I've been bitching and moaning about battery life for as long as there have been luggables, and I feel like I've lugged most of them, starting with a 28-pound Compaq 286 Portable (aka the sewing machine) back when I was still a pup, relatively speaking.
In July I wrote about a class-action suit filed against Intel for its -- shall we say "optimistic"? -- claims of notebook battery life ("Assault with batteries"). I also detailed my own sorry struggle trying to squeeze more juice out of my portable gear over the years. Since then I've heard from a few readers who've echoed my sentiments.
M. C., a professor at a well-known university in the Midwest, says battery life has actually gotten worse over the past 20 years:
The one laptop that I had that actually lived up to its battery life promises was my Zenith 80286 that gave me 6 hours of working time. I used it to research my thesis and spent an 8 hour day in an archives every day, and would take my notes on the laptop. It always gave me a full day's work. I would plug it in at night and do it all over again the next day. How I wish that 1987 technology was still with us!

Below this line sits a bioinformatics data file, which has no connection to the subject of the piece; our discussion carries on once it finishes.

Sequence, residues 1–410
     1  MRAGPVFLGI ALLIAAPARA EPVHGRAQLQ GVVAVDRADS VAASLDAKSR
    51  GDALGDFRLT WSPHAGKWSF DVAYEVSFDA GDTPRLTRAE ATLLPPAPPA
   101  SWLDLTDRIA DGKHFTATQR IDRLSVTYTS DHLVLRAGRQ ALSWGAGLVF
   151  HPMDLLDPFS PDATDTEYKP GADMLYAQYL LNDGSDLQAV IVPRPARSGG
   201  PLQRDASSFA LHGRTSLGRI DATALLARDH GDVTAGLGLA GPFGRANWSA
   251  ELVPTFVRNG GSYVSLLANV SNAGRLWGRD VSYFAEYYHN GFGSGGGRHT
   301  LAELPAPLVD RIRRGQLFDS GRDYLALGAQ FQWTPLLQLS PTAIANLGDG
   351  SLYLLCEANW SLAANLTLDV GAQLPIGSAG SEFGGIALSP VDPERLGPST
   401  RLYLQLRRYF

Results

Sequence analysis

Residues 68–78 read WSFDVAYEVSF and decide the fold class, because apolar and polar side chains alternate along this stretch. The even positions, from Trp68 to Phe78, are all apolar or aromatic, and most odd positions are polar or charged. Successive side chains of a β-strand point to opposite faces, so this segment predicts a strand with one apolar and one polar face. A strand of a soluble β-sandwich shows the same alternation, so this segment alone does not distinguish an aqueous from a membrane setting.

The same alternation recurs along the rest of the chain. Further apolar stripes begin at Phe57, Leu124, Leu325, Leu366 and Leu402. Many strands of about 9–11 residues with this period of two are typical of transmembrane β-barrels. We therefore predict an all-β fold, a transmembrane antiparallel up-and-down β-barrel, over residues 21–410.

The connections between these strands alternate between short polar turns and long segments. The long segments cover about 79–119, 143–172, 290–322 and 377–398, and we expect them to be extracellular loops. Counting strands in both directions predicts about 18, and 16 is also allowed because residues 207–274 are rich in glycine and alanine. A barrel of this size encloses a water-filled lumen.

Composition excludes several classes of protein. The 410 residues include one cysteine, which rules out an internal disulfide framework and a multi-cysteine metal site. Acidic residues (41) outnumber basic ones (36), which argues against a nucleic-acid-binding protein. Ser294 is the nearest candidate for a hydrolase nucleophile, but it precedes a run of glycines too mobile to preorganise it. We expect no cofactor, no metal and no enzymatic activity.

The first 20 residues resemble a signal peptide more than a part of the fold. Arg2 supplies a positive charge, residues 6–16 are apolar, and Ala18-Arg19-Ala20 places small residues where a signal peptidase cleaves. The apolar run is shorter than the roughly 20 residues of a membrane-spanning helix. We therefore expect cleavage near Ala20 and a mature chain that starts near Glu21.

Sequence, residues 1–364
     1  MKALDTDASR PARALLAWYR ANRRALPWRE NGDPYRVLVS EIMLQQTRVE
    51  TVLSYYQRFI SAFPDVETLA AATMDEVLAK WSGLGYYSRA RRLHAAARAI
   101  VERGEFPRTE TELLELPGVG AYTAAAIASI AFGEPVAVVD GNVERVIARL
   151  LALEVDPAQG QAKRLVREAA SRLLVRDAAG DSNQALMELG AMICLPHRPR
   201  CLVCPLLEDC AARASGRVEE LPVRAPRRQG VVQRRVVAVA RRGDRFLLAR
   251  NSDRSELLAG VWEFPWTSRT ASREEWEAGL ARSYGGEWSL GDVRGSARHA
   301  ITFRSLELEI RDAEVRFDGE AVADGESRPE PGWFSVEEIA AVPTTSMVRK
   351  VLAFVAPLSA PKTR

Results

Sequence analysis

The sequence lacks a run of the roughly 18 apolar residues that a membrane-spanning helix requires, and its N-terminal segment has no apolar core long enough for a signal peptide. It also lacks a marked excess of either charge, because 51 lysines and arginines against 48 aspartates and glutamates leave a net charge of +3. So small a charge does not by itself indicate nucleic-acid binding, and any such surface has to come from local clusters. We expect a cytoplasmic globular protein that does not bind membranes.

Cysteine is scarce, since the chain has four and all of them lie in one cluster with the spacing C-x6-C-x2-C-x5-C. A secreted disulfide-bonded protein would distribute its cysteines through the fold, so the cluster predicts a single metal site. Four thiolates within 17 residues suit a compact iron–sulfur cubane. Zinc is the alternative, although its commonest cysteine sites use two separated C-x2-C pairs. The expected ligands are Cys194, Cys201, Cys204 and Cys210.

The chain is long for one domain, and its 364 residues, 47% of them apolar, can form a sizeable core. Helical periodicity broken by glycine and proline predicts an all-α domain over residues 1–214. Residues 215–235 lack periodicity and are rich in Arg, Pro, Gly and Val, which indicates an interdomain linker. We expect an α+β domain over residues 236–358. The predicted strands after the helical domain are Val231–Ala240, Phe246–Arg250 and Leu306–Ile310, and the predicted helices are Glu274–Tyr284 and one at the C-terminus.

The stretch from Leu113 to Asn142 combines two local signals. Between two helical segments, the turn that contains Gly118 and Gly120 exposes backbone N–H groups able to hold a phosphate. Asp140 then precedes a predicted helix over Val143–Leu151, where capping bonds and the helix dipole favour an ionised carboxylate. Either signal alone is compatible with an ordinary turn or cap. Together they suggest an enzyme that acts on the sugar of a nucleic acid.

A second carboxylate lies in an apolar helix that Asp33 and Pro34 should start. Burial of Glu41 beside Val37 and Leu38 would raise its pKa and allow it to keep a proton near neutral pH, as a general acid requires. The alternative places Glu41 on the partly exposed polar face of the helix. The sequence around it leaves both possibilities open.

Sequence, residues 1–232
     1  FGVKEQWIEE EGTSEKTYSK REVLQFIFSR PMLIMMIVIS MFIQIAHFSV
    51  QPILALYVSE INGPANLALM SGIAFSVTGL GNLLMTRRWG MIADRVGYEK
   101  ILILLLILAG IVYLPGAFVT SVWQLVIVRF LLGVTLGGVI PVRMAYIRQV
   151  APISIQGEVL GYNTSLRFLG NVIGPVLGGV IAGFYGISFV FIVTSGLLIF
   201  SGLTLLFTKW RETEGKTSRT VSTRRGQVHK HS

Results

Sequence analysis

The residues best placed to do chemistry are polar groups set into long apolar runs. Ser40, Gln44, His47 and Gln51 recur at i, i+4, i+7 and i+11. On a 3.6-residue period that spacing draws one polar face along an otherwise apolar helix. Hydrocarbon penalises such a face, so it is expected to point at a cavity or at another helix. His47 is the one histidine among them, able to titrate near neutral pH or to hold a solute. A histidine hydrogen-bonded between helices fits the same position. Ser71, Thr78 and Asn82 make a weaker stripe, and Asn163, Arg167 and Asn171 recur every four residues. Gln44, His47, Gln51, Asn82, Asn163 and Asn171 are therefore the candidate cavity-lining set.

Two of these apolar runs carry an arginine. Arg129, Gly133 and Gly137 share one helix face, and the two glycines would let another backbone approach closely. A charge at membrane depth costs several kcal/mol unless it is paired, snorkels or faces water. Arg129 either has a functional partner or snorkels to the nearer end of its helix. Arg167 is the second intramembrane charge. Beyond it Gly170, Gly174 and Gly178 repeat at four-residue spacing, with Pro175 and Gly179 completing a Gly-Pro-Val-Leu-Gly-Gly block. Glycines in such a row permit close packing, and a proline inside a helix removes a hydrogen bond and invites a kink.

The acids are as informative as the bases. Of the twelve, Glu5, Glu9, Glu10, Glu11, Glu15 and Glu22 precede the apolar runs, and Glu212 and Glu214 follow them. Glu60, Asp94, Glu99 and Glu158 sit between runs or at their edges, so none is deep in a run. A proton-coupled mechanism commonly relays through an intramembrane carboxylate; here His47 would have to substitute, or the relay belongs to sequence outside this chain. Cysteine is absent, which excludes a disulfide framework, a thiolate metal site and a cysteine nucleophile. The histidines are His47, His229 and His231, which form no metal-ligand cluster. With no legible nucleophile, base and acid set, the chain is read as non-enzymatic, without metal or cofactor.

Professional support tech D. S. B. sees a conspiracy afoot, citing the ridiculously high price of replacement batteries (often 25 percent of the cost of a new notebook) coupled with their propensity to simply up and die overnight without warning. To wit:
...about 5 months ago I powered up my Dell Inspiron 6400 laptop and was startled by a warning message that the battery was now dead and needed to be replaced, along with requisite contact information for how I could purchase one from Dell. Prior to that day, the battery continued to charge and hold a charge as normal. Granted, again, not as long as new, but certainly acceptable and at least an hour. Now, all of a sudden, Whap! The battery would no longer take or accept a charge. ... There is simply no reason why a previously working battery would all of a sudden drop off the useful list and Dell would be so "helpful" in pushing me toward dropping an exorbitant amount on a replacement. Call it captive revenue.